We expected the fall of Syria's president but it seems the storm will topple Turkey's premier who is up to his ears in trouble. Reccep Tayyip Erdogan has recently been verbally attacking everyone, even his allies. Recently, he threatened Islamic preacher Fethullah Gullen, saying the government "will reach your caves and tear you into pieces."
Yesterday, the police stormed the houses of Erdogan's ministers, tarnishing his government's reputation after they found bags full of Iranian funds. The scandal marks the biggest case of corruption in Turkey's modern history. The upcoming trials will undoubtedly damage the reputation of the man who was once seen as invincible.
Conspiracy or corruption?
Instead of responding to the accusations, Erdogan says there's a foreign conspiracy against him. Who's the conspirator? Is it his major ally and political partner, Gullen, who currently resides in the U.S.? Or does he mean Syrian president Bashar al-Assad? Or Egyptian defense minister Abdelfattah al-Sisi? Or Israel's prime minister? The Americans? Europeans? Gulf? Greeks? Who's the conspirator internally? Perhaps the Alawites or the Naqshbandi? Erdogan has so many rivals!
His month long verbal campaign has even angered the preacher who supported the premier for years. The preacher considered Erdogan's statements insulting and said they "degraded the movement's members.” He continued that, “it's clear that [Erdogan] is referring to us as monkeys, gorillas, bears and hyenas." Gullen then requested his followers, which include millions of Turks, not to respond to Erdogan's "vulgar" statements!
A walking contradiction
The upcoming trials will undoubtedly damage the reputation of the man who was once seen as invincible.Abdulrahman al-Rashed
When Erdogan claims the corruption accusations mark a conspiracy against him, he may be right. But isn't he the only one to blame for the number of rivals he has accumulated, mostly for trivial reasons? The irony is that when Erdogan assigned Ahmet Davutoglu as minister of foreign affairs, he said he did so because he admired Davutoglu's book "Strategic Depth: Turkey and its position in the international political arena." Davutoglu's theory states that problems between Turkey and its neighboring countries should be resolved.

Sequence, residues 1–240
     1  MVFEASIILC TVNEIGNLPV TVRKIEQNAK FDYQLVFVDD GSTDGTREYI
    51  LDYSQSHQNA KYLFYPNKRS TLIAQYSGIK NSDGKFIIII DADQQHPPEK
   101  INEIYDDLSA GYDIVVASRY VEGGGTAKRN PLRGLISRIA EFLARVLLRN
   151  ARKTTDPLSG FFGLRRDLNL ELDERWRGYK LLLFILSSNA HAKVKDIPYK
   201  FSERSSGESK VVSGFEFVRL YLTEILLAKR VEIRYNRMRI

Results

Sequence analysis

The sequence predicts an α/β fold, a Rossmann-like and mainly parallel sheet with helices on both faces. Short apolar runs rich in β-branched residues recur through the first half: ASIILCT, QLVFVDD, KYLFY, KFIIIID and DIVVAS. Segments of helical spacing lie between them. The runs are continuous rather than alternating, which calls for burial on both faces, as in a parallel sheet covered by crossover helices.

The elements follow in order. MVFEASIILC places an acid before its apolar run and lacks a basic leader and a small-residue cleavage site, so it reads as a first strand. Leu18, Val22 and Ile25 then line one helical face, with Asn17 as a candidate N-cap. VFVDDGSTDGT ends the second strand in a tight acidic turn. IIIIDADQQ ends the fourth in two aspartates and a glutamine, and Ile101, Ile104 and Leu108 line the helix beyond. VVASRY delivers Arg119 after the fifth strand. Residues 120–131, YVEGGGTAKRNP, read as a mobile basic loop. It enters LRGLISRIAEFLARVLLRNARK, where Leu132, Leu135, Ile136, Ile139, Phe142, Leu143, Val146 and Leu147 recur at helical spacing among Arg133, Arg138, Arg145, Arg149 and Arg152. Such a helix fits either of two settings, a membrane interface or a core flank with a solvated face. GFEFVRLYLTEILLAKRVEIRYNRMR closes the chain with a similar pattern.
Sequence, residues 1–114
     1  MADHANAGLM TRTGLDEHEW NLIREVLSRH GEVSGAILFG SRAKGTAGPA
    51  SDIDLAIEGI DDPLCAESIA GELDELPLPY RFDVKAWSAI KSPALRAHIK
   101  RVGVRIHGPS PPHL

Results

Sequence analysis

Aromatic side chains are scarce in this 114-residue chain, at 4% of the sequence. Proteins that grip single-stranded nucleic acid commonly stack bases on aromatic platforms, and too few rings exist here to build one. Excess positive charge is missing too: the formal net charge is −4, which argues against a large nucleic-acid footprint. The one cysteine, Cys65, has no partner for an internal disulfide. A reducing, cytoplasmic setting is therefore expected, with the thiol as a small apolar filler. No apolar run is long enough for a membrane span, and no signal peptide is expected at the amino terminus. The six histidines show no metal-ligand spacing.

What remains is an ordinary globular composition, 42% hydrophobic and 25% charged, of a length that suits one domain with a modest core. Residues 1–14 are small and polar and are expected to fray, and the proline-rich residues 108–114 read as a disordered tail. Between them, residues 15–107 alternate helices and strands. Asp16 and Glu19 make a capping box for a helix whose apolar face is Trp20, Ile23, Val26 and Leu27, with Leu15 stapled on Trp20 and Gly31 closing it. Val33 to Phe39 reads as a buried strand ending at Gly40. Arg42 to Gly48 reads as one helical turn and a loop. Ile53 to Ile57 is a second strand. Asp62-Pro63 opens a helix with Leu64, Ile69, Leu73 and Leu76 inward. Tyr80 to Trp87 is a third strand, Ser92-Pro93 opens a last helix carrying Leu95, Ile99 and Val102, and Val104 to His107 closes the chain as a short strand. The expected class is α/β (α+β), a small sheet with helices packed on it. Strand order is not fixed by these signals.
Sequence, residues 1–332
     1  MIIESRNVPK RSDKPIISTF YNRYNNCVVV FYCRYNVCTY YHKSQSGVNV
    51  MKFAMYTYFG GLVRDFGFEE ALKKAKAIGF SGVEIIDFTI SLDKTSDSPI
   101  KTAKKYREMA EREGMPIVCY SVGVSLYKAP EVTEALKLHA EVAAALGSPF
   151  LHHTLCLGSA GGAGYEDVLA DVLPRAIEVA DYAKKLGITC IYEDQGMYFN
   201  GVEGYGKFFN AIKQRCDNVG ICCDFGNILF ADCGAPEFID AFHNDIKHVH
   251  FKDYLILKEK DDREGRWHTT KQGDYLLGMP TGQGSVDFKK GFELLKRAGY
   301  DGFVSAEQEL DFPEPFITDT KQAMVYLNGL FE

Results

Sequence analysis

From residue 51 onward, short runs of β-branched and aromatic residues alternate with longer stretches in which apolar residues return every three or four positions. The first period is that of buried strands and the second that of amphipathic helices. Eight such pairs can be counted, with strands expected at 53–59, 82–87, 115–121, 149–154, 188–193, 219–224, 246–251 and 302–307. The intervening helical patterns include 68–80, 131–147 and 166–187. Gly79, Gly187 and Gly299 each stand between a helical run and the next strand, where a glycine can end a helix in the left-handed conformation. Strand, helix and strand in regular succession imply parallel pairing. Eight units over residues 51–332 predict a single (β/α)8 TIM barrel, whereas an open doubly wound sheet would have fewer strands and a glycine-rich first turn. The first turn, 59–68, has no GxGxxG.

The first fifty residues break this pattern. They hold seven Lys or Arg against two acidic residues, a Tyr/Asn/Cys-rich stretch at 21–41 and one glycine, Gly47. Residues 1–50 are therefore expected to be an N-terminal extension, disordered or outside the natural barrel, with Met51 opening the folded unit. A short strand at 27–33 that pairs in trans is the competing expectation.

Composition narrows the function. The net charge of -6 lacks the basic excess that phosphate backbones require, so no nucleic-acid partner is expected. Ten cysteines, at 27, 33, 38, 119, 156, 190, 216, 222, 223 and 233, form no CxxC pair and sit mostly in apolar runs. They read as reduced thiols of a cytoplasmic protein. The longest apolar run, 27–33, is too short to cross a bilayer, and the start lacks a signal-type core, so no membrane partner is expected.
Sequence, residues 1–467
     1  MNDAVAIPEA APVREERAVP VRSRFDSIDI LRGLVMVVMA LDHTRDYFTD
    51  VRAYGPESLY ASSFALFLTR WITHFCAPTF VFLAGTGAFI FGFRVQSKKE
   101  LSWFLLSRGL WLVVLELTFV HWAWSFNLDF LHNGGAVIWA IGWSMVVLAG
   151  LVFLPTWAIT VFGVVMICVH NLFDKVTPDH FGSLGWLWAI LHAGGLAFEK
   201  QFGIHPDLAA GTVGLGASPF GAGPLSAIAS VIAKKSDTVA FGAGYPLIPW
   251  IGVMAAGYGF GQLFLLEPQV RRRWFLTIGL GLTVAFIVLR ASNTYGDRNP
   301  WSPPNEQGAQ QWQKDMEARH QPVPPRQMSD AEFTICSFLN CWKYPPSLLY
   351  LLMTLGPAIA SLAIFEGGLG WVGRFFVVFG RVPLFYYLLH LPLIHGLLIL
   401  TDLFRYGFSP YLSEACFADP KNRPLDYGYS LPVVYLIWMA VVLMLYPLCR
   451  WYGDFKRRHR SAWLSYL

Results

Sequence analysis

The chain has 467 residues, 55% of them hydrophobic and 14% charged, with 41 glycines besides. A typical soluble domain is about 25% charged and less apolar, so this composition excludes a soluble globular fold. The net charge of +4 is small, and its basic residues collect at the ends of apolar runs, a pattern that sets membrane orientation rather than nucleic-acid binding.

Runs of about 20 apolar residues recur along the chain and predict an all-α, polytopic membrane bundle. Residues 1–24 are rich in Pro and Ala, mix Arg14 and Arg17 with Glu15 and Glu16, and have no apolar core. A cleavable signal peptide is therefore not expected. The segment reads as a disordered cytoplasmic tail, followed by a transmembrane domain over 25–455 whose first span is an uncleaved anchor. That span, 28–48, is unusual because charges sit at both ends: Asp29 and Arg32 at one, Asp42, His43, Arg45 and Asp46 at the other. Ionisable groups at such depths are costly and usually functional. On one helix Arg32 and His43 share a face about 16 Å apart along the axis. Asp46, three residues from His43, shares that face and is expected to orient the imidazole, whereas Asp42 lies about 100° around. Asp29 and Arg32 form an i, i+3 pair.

Today, Turkey is in a dispute with almost all of its neighbors and former allies because of the premier's disposition and preoccupation with these never-ending battles.
Erdogan is a totally contradictory character. He's the one who supported Libyan colonel Moammar Qaddafi during his last days and condemned the NATO's intervention in Libya. Later, he demanded intervention in Syria and called for boycotting the regime there! At the same time, he violated the international siege against Iran's regime and traded with Tehran, which supports Bashar al-Assad's regime!
He has yet to settle, only exacerbate, tensions with Egypt after making hostile political statements against the new government and even received the Egyptian Muslim Brotherhood. He turned Turkey into a headquarters for the opposition and granted the brotherhood a governmental TV station.
Now, he gets angry as to why they are conspiring against him - that is if his claim there's a conspiracy is actually true. He is the one who opened fire on his rivals and allies alike, and it's only normal that others will respond by firing back.
When he described Gullen's group as people of the caves and threatened to tear them into pieces, the people of the caves and their supporters took action. The result of which might have caused the police and the judiciary affiliated with Gullen's massive following to search the house of government officials.
As the proverb says, people who live in houses of glass should not throw stones at others.
We all understand that Erdogan is a fierce fighter and an unusual character but excessive confidence and picking fights with everyone has led him to this unfortunate situation.
This article first appeared in the London-based Asharq Al Awsat on Dec. 26, 2013
Abdulrahman al-Rashed is the General Manager of Al Arabiya News Channel. A veteran and internationally acclaimed journalist, he is a former editor-in-chief of the London-based leading Arab daily Asharq al-Awsat, where he still regularly writes a political column. He has also served as the editor of Asharq al-Awsat’s sister publication, al-Majalla. Throughout his career, Rashed has interviewed several world leaders, with his articles garnering worldwide recognition, and he has successfully led Al Arabiya to the highly regarded, thriving and influential position it is in today.